Tuesday, November 15, 2011
After reading a depressing story about the death of cookbooks in last week's New York Times, I walked over to BookHampton to reassure myself that cookbooks are not dead. While there, I paged through several that will make excellent holiday gifts, much better than a cooking app! BookHampton has always supported my own books (I even have my own page on their website), but more important to me is that it's right there on Main Street, next to the IGA, when I urgently need a book about root vegetables or Jewish holiday desserts. When I heard that BookHampton is offering 20% off of all online orders until the end of the month with free shipping on orders over $25, I pondered whether it would be silly to go home and place my order online.
Thursday, November 10, 2011
I reluctantly dragged myself through the rain and to the IGA this afternoon to buy ingredients for dinner. And I was rewarded with a free hot dog! Since raffles are as irresistible as hot dogs to me, I entered to win a $70 gift certificate to celebrate Schiavoni's 70 years in business. Wouldn't the announcement that I won make a great blog post?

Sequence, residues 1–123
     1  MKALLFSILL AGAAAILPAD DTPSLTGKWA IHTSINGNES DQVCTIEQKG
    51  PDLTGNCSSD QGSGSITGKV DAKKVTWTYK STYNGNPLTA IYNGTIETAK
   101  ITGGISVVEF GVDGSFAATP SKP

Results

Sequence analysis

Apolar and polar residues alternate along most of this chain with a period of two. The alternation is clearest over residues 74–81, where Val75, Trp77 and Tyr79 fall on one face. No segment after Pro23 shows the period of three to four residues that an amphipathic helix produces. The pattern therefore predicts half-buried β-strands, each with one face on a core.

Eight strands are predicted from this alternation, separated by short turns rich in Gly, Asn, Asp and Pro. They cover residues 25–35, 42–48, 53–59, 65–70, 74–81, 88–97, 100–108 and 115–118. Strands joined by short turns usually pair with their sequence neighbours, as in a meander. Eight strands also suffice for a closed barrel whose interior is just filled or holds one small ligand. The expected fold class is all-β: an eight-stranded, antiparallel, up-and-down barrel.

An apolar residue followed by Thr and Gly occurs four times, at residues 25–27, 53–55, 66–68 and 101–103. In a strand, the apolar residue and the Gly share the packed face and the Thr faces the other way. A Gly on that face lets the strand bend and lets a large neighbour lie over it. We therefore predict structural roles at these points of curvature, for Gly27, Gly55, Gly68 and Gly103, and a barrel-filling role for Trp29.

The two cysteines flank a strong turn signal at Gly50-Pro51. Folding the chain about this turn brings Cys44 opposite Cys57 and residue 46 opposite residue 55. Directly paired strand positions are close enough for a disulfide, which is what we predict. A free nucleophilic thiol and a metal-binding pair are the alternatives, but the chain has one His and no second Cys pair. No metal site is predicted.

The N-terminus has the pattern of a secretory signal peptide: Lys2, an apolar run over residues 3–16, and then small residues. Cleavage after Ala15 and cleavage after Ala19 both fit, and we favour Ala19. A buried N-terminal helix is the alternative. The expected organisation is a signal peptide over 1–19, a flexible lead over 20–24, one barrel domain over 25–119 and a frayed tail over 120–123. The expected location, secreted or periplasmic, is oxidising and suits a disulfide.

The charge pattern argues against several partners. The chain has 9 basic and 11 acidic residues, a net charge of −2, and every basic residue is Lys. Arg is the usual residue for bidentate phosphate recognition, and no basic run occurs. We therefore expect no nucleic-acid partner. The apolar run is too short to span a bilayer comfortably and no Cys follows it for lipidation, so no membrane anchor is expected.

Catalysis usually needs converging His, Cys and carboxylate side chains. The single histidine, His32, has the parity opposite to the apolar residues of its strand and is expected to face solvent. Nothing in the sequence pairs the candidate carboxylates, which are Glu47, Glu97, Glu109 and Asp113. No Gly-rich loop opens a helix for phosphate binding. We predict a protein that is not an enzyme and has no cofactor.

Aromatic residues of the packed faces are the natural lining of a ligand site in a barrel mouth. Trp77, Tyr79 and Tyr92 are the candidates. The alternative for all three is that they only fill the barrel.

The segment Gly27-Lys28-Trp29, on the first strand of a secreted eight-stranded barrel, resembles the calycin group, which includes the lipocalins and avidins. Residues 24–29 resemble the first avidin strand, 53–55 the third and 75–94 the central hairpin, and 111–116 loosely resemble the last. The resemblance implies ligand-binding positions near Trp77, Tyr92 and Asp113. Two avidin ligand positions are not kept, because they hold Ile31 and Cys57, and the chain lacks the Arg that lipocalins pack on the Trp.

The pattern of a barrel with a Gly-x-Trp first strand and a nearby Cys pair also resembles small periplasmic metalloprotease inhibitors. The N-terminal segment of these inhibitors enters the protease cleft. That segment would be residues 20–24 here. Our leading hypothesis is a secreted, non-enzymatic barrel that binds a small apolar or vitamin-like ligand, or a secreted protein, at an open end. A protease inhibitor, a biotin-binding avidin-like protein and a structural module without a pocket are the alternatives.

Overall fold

Wednesday, November 9, 2011
Thursday, November 3, 2011
If you like Brussels sprouts, maybe you'll be interested in my Gruyere and Brussels Sprouts Tart recipe, in today's Newsday. If you don't like them, you have a lot in common with the editors of The Sag Harbor Express, who chose the headline for my column this week.
Monday, October 31, 2011
Sunday, October 30, 2011
Saturday, October 29, 2011
I had an hour to kill in Southampton yesterday, so I stopped by Sant Ambroeus for a cappuccino. What an oasis of civility! But why was it empty in the early afternoon? If Sant Ambroeus moved to Main Street in Sag Harbor it would be packed every day. On the way out I admired their Italian-style cookies, reminding myself to put a recipe for Brutti ma Buoni in my holiday cookies story for Newsday next month.
Thursday, October 27, 2011